MÉTODOS: Para analisar a incorporação de escolhas alimentares saudáveis desenvolveu-se o Índice de Qualidade da Dieta associado a um Guia Alimentar Digital. Este Índice é constituído por componentes de moderação, destinados a indicar alimentos fonte de compostos associados a risco quando em excesso, e componentes de adequação, que incluem alimentos fonte de nutrientes e compostos bioativos de forma a atender às recomendações nutricionais. A avaliação de desempenho do Índice de Qualidade da Dieta associado a um Guia Alimentar Digital foi medida a partir de suas propriedades psicométricas para validação de conteúdo, construto e consistência interna.
RESULTADOS: Os valores de correlação entre os componentes de moderação e de adequação em relação à energia da dieta foram fracos (-0,16 a 0,09); a mais alta correlação (0,52) ocorreu entre o componente açúcares e doces e a pontuação total; a confiabilidade apresentou α=0,36.
CONCLUSÃO: Sabendo-se que a qualidade da dieta é uma construção complexa e multidimensional, o Índice de Qualidade da Dieta associado a um Guia Alimentar Digital é um recurso com validade compatível à observada para outros Índices e que pode contribuir para estudos de ingestão alimentar na população brasileira. Contudo, novos estudos devem promover ajustes para aprimorar a confiabilidade do instrumento.

Termos de indexação: Ingestão de alimentos. Guias alimentares. Qualidade dos alimentos. Alimentos naturais.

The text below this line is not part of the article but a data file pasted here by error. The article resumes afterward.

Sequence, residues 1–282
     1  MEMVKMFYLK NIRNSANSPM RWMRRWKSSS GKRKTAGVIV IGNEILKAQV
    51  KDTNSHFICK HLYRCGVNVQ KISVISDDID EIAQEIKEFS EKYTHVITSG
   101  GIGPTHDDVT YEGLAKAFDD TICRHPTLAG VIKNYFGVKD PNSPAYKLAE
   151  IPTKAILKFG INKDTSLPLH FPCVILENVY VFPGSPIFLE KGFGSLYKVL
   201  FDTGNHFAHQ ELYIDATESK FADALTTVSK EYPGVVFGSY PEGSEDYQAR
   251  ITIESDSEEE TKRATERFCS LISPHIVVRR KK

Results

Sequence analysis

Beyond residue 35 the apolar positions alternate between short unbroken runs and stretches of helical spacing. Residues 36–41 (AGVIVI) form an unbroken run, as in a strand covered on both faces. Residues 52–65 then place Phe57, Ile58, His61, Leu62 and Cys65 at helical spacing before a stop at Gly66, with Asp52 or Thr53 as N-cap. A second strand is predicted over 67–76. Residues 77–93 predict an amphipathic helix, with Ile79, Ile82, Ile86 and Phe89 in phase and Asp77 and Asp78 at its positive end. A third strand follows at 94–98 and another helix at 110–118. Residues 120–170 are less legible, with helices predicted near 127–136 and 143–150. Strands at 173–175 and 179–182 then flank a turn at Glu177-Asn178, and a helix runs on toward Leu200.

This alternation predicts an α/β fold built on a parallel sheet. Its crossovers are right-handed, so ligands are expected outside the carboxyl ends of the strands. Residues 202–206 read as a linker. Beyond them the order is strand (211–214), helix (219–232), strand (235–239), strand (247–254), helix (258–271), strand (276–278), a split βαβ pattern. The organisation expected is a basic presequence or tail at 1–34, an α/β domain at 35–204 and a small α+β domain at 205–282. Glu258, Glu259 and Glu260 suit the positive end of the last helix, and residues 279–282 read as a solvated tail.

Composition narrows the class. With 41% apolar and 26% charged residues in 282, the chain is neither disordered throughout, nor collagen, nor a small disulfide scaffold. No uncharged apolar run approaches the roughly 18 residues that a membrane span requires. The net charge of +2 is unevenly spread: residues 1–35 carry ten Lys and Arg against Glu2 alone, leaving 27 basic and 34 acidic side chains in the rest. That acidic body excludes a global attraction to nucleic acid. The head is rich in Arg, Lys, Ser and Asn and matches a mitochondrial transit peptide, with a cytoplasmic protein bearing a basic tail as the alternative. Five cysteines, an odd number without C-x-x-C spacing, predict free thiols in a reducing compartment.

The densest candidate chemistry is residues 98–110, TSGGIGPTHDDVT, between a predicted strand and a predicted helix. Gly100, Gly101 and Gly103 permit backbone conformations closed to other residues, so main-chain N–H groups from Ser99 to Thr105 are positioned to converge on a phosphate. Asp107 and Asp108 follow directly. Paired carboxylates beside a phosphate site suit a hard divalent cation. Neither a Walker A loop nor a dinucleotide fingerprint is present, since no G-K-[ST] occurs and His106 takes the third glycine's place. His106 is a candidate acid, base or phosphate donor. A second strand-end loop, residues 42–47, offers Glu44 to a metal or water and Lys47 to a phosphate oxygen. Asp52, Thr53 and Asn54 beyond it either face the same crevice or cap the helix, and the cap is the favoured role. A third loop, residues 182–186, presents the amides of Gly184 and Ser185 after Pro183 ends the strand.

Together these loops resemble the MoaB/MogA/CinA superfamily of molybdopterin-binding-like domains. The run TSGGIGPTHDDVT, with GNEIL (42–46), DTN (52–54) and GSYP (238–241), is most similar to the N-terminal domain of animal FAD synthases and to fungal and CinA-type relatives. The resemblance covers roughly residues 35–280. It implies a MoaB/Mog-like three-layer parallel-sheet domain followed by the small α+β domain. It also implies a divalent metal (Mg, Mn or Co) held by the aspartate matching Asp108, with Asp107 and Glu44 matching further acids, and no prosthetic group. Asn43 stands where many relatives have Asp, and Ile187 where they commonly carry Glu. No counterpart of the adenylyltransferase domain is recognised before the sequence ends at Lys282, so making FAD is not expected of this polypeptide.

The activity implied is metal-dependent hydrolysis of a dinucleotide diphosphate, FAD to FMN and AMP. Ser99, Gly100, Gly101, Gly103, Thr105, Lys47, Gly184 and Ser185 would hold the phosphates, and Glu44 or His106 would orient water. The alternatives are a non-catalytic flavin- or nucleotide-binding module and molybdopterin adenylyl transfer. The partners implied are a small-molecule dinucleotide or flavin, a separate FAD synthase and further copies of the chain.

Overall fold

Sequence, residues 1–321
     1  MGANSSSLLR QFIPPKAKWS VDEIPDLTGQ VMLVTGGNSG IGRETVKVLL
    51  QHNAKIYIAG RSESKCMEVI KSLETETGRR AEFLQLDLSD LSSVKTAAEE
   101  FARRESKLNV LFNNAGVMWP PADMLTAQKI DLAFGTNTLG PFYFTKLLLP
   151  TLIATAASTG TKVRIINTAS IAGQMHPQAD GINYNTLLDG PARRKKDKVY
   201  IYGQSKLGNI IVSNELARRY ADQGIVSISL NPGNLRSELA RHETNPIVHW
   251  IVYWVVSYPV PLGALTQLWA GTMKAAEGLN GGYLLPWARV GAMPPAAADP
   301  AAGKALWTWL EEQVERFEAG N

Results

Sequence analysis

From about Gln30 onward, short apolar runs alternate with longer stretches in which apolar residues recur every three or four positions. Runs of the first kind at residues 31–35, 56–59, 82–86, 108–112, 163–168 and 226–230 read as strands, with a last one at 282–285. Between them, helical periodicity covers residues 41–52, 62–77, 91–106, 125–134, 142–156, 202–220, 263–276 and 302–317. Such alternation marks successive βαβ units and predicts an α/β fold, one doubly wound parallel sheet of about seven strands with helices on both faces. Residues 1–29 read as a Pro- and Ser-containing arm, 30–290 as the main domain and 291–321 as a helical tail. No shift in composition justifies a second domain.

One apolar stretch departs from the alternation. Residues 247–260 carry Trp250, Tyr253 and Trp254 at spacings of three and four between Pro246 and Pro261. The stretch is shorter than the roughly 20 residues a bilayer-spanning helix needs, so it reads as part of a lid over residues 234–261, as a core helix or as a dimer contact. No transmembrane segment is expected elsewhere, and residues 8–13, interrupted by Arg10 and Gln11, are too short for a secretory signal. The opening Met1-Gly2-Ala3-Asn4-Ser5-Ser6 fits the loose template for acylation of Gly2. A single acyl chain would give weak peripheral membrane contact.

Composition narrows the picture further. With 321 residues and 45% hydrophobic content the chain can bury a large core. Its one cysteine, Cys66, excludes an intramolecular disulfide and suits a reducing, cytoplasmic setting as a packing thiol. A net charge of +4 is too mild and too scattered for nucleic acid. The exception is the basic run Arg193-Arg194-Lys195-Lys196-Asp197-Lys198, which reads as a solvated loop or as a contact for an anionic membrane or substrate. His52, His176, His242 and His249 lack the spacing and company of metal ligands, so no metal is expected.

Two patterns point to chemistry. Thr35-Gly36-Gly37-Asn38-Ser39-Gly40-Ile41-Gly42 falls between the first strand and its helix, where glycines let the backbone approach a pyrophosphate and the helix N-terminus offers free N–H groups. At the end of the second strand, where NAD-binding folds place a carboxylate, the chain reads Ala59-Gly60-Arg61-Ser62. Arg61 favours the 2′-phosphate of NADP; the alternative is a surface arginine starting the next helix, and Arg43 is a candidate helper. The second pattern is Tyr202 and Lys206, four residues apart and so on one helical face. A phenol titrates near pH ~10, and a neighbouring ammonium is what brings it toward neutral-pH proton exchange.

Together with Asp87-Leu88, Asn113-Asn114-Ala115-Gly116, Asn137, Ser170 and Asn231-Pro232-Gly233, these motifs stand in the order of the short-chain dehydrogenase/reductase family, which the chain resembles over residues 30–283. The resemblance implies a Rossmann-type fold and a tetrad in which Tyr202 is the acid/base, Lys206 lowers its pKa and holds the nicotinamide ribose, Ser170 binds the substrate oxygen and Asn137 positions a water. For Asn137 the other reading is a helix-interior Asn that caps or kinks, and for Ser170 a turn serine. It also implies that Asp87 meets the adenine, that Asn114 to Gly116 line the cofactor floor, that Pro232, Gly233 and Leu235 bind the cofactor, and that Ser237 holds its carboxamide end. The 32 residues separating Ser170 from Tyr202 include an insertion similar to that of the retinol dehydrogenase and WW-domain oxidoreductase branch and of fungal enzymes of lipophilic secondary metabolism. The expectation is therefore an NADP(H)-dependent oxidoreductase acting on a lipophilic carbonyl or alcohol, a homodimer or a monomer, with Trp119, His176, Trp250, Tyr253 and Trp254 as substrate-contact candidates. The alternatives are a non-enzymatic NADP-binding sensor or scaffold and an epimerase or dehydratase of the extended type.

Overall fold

INTRODUCTION

The Brazilian Household Budget Survey of 2008-2009 reported that more than half of the adult Brazilian population was overweight, and 12.4% of the individuals were obese1. Steemburgo et al.2 found that 25.4% of the population have chronic diseases and the Metabolic Syndrome (MS). Healthy diets play an important role in the prevention of chronic diseases, and food guides can be a strategy for promoting them3.

Food guides aim to convert the scientific knowledge on nutrition into concepts that are easy to understand, enabling most people to make healthy food choices4. New findings about the relationship between diet and health were incorporated into guidelines to prevent nutritional deficiencies and chronic diseases3.

Diet quality indices based on what is known about healthy diets have been proposed to assess individuals' diets in population studies and to facilitate diet monitoring in order to prevent Non-communicable Chronic Diseases (NCD) and nutritional deficiencies5. The development of indices and other tools for diet quality assessment began in 19806. In 2007, twenty different diet quality indices were available, and in 2009, this number had jumped to 257. Among those indices, the Healthy Eating Index (HEI-05)8, developed for the North American population, stands out. In 2011, the HEI was updated9 to incorporate the new Dietary Guidelines for Americans10. In Brazil, Fisberg et al.11 published an adaptation of the HEI, resulting in the Brazilian Diet Quality Index (DQI). Previdelli et al.12 reviewed this index (DQI-R) after the Brazilian Food Guide was published13.